64 Parishes

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Current Issue

Cajun Document

A new THNOC exhibition and book to explore Acadiana in the 1970s

Cajun Document

Photo © Douglas Baz and Charles H. Traub

Mama Thibo, Thibo’s Restaurant, Breaux Bridge, 1974.

Some forty-five years ago, when Douglas Baz and Charles H. Traub made the photographs now presented as Cajun Document, Acadians had been living in southern Louisiana for over two hundred years. Despite this tenancy, Cajun culture was only just beginning to be known on the world stage and attract the kind of academic interest it enjoys today. If the world at large knew about Louisiana’s Cajuns at all, it was through the filter of Evangeline: A Tale of Acadie, the 1847 epic by Henry Wadsworth Longfellow. The poem was massively popular in its day, but it dealt primarily with the original expulsion of the Acadians from Nova Scotia and the title character’s quest to find her lost love, rather than the southern Louisiana community that developed in its wake. According to historian Carl A. Brasseaux, subsequent representations of Acadians traded in exoticist and primitivist tropes, depicting Cajuns as “inevitably poor, inbred, ignorant, hedonistic, unambitious, and sinister swamp dwellers leading an idyllic, if not indolent, existence.” The timing was ripe for a more nuanced, respectful documentary portrait of Cajun people and their land and culture.

Traub and Baz, recent graduates of the Illinois Institute of Technology, first came to Acadiana in 1973, at the tail end of a long road trip following the Mississippi River south from Chicago. They spent ten days photographing the Cajun countryside, captivated by the distinctiveness of the culture and amazed that it was not more widely known. They returned the following year, in January 1974, and their six-month sojourn marked the beginning of a different journey, as artists.

Hoop-net repair, Labadieville, 1974. Photo © Douglas Baz and Charles H. Traub

The photographs in the series were made fairly early in the “Cajun Renaissance,” a broad term encompassing revivals in and export of southern Louisiana music, culinary arts, and language. These efforts were a concerted response to decades of external cultural influence and economic and historical factors that had threatened the survival of Cajun traditions, language, and music. These forces included intermarriage with other social groups out of economic necessity following the Civil War; the legally enforced suppression of French language in schools beginning in the early twentieth century; easier contact with other cultures through improved roadways and mass communications midcentury; and the influence of regular and well-paying employment in the oil and gas industry following World War II. At the time of Traub and Baz’s sojourn, another big oil boom was on the horizon and, by the turn of the 1980s, it would infuse the region with a massive amount of new wealth and development.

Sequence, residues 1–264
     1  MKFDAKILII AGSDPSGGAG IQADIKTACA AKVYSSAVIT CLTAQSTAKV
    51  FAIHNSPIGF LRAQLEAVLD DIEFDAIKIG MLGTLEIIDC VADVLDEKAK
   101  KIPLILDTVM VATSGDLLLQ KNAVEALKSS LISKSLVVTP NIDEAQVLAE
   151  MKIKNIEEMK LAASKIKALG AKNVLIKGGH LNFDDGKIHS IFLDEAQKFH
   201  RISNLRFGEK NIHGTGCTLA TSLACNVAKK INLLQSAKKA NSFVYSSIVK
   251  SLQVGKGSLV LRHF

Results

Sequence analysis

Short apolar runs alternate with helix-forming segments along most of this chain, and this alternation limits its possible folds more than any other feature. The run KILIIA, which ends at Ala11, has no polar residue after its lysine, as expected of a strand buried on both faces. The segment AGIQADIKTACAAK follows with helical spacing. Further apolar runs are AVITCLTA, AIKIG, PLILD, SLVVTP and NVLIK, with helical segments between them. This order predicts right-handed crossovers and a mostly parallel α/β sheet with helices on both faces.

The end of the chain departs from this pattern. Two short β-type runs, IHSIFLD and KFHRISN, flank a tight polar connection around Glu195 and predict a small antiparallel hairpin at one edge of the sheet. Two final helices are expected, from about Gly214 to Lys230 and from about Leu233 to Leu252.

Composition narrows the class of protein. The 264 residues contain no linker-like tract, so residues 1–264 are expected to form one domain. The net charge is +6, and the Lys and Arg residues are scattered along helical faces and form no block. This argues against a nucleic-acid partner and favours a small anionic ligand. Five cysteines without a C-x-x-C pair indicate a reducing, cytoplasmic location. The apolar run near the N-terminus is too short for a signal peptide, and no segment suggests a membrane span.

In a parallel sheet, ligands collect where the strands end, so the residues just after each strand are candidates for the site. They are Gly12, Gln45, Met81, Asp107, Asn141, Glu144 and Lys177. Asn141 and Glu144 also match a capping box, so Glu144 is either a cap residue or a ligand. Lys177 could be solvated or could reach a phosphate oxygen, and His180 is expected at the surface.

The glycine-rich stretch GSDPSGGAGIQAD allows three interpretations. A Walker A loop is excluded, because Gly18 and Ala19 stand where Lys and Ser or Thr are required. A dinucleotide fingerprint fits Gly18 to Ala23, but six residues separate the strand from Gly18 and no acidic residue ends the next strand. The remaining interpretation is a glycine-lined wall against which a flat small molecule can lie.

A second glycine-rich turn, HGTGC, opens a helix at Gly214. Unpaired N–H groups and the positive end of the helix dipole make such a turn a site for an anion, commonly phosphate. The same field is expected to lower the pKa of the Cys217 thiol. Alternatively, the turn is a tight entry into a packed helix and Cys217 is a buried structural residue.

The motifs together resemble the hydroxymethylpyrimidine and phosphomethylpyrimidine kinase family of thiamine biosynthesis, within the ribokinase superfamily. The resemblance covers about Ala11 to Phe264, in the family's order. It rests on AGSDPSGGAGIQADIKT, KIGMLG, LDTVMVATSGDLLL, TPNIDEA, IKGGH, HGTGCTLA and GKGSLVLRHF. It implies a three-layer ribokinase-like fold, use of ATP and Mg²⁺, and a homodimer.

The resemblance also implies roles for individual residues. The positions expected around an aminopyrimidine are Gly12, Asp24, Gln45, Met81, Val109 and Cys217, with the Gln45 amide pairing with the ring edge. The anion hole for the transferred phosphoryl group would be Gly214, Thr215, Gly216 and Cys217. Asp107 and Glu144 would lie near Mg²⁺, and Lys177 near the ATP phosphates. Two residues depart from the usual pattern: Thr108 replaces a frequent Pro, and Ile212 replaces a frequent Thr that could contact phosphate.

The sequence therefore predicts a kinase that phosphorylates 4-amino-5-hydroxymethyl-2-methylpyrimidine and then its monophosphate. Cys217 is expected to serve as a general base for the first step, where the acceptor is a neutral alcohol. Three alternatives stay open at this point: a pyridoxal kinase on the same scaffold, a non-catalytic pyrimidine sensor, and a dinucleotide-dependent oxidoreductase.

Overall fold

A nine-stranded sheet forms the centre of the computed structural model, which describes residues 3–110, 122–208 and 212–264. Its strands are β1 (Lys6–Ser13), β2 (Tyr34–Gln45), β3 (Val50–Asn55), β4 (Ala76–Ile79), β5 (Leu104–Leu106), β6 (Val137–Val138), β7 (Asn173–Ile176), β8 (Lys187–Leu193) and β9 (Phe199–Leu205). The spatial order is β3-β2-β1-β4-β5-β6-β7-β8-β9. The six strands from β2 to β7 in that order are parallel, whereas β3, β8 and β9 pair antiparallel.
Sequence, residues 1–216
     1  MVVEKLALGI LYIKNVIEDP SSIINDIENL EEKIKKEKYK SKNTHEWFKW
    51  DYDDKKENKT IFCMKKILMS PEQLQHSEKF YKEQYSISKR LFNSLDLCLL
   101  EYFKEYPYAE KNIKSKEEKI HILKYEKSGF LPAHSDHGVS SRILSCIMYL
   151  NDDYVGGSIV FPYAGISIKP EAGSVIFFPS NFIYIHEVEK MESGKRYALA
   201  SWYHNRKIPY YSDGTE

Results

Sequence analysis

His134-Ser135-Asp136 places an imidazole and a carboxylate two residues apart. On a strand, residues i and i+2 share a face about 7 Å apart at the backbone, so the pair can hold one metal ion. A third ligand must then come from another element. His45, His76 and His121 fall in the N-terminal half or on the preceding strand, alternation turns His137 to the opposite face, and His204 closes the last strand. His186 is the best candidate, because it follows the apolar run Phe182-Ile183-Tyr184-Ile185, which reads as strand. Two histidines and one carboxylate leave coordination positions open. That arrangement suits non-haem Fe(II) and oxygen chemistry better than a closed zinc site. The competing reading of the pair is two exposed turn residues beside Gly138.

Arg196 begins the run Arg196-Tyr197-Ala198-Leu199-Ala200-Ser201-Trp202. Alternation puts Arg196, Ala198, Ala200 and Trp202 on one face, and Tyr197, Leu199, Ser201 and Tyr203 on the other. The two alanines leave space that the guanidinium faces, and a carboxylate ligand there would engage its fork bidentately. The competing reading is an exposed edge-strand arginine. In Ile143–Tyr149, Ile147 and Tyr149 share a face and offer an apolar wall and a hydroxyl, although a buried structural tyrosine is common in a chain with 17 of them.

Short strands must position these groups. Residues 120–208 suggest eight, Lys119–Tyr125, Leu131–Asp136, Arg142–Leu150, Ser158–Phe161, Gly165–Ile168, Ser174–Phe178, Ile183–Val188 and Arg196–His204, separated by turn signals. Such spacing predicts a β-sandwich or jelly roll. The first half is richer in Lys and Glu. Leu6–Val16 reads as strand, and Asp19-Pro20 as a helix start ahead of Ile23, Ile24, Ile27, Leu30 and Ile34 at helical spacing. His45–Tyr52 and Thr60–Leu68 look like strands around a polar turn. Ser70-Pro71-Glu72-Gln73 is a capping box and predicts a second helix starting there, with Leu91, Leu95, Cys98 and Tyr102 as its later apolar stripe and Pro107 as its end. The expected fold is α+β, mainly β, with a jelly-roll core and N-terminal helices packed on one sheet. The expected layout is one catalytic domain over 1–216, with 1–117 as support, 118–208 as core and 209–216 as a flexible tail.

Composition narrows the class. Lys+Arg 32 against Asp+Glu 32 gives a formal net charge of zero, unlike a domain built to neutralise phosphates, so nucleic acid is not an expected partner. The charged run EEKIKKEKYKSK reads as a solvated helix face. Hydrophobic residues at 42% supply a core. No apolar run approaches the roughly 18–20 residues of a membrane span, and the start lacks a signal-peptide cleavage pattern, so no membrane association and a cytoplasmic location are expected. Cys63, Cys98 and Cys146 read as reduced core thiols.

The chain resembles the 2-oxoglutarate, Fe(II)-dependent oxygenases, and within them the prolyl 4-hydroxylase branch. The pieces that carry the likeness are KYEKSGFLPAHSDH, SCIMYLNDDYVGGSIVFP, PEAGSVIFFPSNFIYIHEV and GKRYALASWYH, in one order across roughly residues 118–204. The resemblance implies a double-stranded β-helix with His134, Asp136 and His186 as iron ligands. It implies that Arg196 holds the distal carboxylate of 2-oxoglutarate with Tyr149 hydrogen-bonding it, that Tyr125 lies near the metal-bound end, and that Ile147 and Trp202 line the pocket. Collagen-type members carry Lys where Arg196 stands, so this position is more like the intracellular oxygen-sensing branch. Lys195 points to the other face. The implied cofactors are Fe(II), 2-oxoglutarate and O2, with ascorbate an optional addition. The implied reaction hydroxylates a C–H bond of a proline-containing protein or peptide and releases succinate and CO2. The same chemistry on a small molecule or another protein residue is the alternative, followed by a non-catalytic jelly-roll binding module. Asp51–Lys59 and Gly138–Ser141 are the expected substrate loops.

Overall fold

Baz and Traub, who had been steeped in the urbanism of Chicago, wanted to avoid fetishizing a culture that was markedly different from what they knew. Their encounter with Louisiana’s Cajun lands and people was no rhapsodic Brigadoon moment but rather a straightforward look at the region’s workaday environment, one that bore vestiges of long-held traditions as well as the sharp edges of modernity and change. Their experience as captured in the images is warm to the touch, with the photographs conveying a palpable sense of environment as well as direct description. They saw a population in transition, trying to hold its heritage close while encountering the forces of mainstream Americanization.

Photographs are not an inoculation against loss but a way of reflecting culture to those immersed in it and offering a glimpse, however cursory, to outsiders. Six months is hardly a lifetime, but it’s no day trip, either. Traub and Baz lived in southern Louisiana long enough to experience the pulse of tradition, the ebb and flow of seasonal changes of work, play, and community. What they saw and preserved then still resonates with viewers today.
—John H. Lawrence, adapted from the foreword to the Cajun Document catalog

As this issue of 64 Parishes goes to press, a reopening date for The Historic New Orleans Collection remains uncertain. But even when our doors are closed, we stand fully committed to providing the public with a host of activities and resources. Our “History from Home” portal, accessible via the homepage of our website, offers virtual exhibitions, oral histories, databases, and a wealth of educational offerings for students and teachers. And our reference staff stands ready to assist with research queries large or small through our “Virtual Reading Room.”

The day will come when we reopen our beautiful French Quarter campus to the public. Until then, please join us at www.hnoc.org to celebrate the history and culture of our resilient region. We look forward to presenting Cajun Document: Acadiana, 1973–74  as the first new offering at our 520 Royal Street exhibition center.

—Daniel Hammer, president and CEO